I have known for a long time now that when I have run and hidden, though, I must for my own sake evict myself from my hiding place. (Hiding is an achingly lonely business. I did it for years.) If the Black Dog has seized me, this evicting is very hard. But if I put myself in a place where the jolly person in me is called forth – with my granddaughter Evie, for example – it will help me restore my equilibrium. “Behaving as though makes it so.” Some famous person must have said that. Maybe me.

I ask myself whether all this skritch-scratching is just petulant narcissism. But no, I think it a necessary admission of vulnerability, in order to carefully peel another layer of the onion. If I must settle (and I must) for never eliminating my self-doubt, can I nevertheless hope to get to the center of the onion? Is it possible for anyone?

I remember when I was young, sitting in a pew in the Baptist church, when the preacher would say “let me leave you with this.” I’d perk up. The old wind-bag was about to run out of wind. Well, I’ll leave you with Karen Armstrong’s story, vastly abbreviated: She was a nun. She confronted herself when she realized she was shoving her mind into channels in which it did not naturally flow, so she opted out of nunning and re-calibrated her life. Now she’s mainlining on the idea of shared compassion among all persuasions, and I’m listening intently. I think she may have struck the mother lode. Worth a look. Guaranteed.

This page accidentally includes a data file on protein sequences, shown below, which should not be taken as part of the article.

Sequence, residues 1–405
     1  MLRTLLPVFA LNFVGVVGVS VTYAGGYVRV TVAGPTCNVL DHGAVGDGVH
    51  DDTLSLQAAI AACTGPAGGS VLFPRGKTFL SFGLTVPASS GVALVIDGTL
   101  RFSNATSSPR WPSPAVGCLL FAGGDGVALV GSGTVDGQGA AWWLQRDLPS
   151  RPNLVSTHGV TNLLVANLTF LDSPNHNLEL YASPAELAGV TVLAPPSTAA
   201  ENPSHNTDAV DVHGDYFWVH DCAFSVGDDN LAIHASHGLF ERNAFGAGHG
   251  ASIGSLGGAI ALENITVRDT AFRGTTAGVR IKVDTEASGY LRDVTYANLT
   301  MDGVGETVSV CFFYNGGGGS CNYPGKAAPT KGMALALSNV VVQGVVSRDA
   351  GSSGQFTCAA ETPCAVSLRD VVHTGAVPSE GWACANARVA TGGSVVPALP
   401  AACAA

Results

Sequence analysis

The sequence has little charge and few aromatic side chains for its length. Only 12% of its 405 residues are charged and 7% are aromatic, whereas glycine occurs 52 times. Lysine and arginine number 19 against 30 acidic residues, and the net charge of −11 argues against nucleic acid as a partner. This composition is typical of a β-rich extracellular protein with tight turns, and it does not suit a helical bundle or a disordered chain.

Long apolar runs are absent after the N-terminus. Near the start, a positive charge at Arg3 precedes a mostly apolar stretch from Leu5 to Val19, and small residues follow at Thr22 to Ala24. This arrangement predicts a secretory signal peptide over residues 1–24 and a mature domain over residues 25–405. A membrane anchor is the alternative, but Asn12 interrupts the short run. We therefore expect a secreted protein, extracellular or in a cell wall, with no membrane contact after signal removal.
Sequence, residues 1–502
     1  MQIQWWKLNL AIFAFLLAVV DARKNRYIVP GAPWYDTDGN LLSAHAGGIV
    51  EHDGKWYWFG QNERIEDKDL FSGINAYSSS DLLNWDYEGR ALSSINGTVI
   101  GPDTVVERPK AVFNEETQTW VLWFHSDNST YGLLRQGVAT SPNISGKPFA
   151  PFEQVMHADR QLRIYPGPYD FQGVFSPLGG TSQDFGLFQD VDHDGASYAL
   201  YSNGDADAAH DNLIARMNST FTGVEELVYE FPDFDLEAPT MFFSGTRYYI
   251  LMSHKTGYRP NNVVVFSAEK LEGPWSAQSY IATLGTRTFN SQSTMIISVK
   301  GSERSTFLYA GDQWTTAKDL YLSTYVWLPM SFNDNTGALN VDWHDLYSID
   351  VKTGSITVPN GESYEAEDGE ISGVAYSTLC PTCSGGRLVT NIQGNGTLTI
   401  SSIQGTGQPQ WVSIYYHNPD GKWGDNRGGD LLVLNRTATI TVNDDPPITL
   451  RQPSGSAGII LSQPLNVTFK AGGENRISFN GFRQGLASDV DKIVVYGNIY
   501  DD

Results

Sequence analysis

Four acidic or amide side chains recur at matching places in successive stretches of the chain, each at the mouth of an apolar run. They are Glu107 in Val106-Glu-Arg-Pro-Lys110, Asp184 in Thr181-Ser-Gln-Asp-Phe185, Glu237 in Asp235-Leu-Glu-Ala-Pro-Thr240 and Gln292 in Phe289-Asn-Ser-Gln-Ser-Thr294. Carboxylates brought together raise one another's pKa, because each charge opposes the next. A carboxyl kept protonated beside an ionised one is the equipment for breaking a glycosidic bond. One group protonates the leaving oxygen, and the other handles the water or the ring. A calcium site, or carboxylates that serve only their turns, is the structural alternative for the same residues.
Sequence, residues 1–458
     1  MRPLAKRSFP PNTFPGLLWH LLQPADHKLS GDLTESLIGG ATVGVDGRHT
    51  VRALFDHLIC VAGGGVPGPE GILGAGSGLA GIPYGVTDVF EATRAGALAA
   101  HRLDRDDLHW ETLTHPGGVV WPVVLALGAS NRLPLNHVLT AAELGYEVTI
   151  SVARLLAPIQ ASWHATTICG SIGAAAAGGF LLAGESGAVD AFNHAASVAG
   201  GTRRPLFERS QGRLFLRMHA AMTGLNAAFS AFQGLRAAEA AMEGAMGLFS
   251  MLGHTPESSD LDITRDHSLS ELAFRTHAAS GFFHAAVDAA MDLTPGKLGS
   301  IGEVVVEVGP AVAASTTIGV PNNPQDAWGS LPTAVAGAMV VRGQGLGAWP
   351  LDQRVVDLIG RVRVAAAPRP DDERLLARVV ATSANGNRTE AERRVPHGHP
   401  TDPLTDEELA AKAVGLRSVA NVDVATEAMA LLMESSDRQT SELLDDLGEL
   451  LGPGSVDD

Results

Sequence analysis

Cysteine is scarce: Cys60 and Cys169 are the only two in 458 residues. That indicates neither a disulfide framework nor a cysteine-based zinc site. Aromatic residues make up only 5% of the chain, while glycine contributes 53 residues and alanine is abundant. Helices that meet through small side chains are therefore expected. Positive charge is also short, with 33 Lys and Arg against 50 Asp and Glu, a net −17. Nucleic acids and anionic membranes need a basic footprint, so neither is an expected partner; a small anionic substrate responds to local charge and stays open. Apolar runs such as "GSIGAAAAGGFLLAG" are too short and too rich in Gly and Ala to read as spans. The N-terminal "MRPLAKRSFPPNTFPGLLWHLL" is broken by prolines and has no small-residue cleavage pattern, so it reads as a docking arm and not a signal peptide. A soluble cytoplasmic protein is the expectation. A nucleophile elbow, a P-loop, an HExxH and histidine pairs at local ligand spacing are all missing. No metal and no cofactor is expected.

Something there is that doesn’t love a wall; that wants it down.